Posted on Monday, December 29, 2008 at 05:00 PM
By: S. Tran
Starring: Kate Winslet, Ralph Fiennes, David Kross
Directed By: Stephen Daldry
Running Time: 123 minutes
Interesting Yet Unsatisfying
The tag line in the advertisements for The Reader invites the audience to "Unlock the Mystery". Unfortunately the mystery isn't much of a challenge to unlock which leaves the audience with nothing much else to do for most of the film except watch as the story slowly fizzles to unsatisfactory ending which is kind of a shame given the acting talent they managed to attract to the project.
The story involves an affair between Michael (Kross), a high school student who begins an affair with an older woman named Hanna (Winslet) in post WWII Germany. In addition to their physical relationship the two also connect through the writings of famous authors as Hanna asks Michael to read to her as a form of entertainment. Hanna abruptly leaves one day and Michael is left wondering about her until their paths cross again years later when Hanna finds herself on trial.
I admit to feeling a little lost after the movie ended. It just wasn't very clear what the audience was supposed to take away from the story. The ending of the film did not justify the long time it spent setting it up. In addition, the motivations for some of the characters' actions didn't make much sense, cheapening the story over all. Perhaps the problem was summed up in the words of a survivor of the concentration camps who told the older version of Michael (Fiennes) that nothing came out of those camps, nothing at all.
While the film itself felt like it was lacking a purpose it wasn't the fault of the actors. Kross has the kind of looks that will certainly gain him attention in Hollywood in the future and has the acting ability to make the most of those opportunities. He does an excellent job as the young Michael. As good as he was though he is overshadowed by Winslet who gives her best performance so far as Hanna, the dark and tortured woman who is forced to face her past. An Oscar nomination would not be surprising.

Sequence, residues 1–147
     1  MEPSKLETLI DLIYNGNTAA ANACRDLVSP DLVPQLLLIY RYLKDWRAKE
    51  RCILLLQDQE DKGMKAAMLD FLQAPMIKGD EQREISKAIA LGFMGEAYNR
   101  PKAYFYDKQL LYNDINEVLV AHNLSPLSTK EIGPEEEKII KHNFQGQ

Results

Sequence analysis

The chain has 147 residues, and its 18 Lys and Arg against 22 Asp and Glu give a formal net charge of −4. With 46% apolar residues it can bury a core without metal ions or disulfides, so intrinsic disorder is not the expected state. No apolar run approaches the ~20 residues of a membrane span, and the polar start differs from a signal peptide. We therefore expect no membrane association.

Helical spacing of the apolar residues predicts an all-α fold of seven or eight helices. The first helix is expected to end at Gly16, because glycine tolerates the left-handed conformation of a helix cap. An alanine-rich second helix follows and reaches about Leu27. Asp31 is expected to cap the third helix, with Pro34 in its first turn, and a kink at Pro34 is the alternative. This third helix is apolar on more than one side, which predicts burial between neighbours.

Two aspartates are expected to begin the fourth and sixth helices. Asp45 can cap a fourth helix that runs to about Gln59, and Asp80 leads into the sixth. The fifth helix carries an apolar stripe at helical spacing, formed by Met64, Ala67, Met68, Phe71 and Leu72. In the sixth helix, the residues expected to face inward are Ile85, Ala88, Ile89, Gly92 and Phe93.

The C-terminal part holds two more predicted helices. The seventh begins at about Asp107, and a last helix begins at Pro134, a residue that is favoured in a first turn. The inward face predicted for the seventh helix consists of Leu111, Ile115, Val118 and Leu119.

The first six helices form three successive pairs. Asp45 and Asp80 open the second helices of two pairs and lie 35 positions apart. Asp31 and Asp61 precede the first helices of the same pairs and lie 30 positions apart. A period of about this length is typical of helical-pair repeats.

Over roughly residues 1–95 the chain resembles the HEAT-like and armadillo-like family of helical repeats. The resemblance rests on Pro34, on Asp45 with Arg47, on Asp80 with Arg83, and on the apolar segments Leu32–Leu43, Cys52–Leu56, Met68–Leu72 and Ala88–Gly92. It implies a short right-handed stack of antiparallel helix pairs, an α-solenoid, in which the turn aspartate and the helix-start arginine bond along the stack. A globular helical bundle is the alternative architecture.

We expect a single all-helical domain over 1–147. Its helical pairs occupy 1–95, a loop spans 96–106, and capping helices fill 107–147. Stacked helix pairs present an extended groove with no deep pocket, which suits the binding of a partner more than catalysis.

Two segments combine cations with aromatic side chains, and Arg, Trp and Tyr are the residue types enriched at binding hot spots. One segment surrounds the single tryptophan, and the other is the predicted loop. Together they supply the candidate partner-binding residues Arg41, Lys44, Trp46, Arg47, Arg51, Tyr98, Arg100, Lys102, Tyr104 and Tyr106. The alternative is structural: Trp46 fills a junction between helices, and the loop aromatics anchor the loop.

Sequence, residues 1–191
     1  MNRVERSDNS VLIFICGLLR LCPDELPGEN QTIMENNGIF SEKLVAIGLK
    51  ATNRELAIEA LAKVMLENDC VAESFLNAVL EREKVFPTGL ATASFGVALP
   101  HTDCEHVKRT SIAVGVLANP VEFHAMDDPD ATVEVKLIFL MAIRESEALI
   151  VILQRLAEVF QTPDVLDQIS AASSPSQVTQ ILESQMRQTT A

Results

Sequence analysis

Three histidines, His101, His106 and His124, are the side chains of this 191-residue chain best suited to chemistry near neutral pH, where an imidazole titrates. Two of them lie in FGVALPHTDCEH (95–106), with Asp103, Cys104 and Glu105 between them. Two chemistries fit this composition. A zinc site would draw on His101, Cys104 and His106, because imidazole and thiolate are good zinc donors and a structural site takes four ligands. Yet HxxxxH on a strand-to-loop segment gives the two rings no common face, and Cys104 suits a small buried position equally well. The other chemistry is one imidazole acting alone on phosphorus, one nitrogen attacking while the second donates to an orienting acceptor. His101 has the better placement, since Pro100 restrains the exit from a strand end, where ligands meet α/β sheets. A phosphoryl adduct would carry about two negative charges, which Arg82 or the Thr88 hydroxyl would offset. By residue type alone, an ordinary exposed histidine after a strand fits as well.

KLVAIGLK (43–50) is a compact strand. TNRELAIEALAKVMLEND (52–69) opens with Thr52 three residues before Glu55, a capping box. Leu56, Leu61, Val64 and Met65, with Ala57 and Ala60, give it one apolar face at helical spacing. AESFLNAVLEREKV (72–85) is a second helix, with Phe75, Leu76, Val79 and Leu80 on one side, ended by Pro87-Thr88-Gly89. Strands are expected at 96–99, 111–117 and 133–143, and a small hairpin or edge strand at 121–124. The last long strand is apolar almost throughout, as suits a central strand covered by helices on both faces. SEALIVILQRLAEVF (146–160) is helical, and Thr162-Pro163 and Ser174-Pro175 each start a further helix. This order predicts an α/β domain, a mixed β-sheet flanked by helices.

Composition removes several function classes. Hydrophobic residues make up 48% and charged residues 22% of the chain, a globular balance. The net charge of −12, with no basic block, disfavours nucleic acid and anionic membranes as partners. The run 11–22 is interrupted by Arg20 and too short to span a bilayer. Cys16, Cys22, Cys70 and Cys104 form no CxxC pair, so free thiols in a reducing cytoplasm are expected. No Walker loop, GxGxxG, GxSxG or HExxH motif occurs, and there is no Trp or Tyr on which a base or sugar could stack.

Ralph Fiennes was perhaps the weakest of the three characters. I found his mopey acting annoying after a while. I don't know if its fair to blame this on Fiennes but the character just seemed flat compared to Hanna and the younger Michael.
Another small issue I had with the film was the nudity which seemed gratuitous for such a serious film. For some reason art films like this seem to believe they have some license to do this because its "art". This is of course a load of garbage. The film didn't need those scenes and certainly would not have lost anything by fading quietly away to black instead of giving us extended looks at Kate's naked body.
3 out of 5 stars.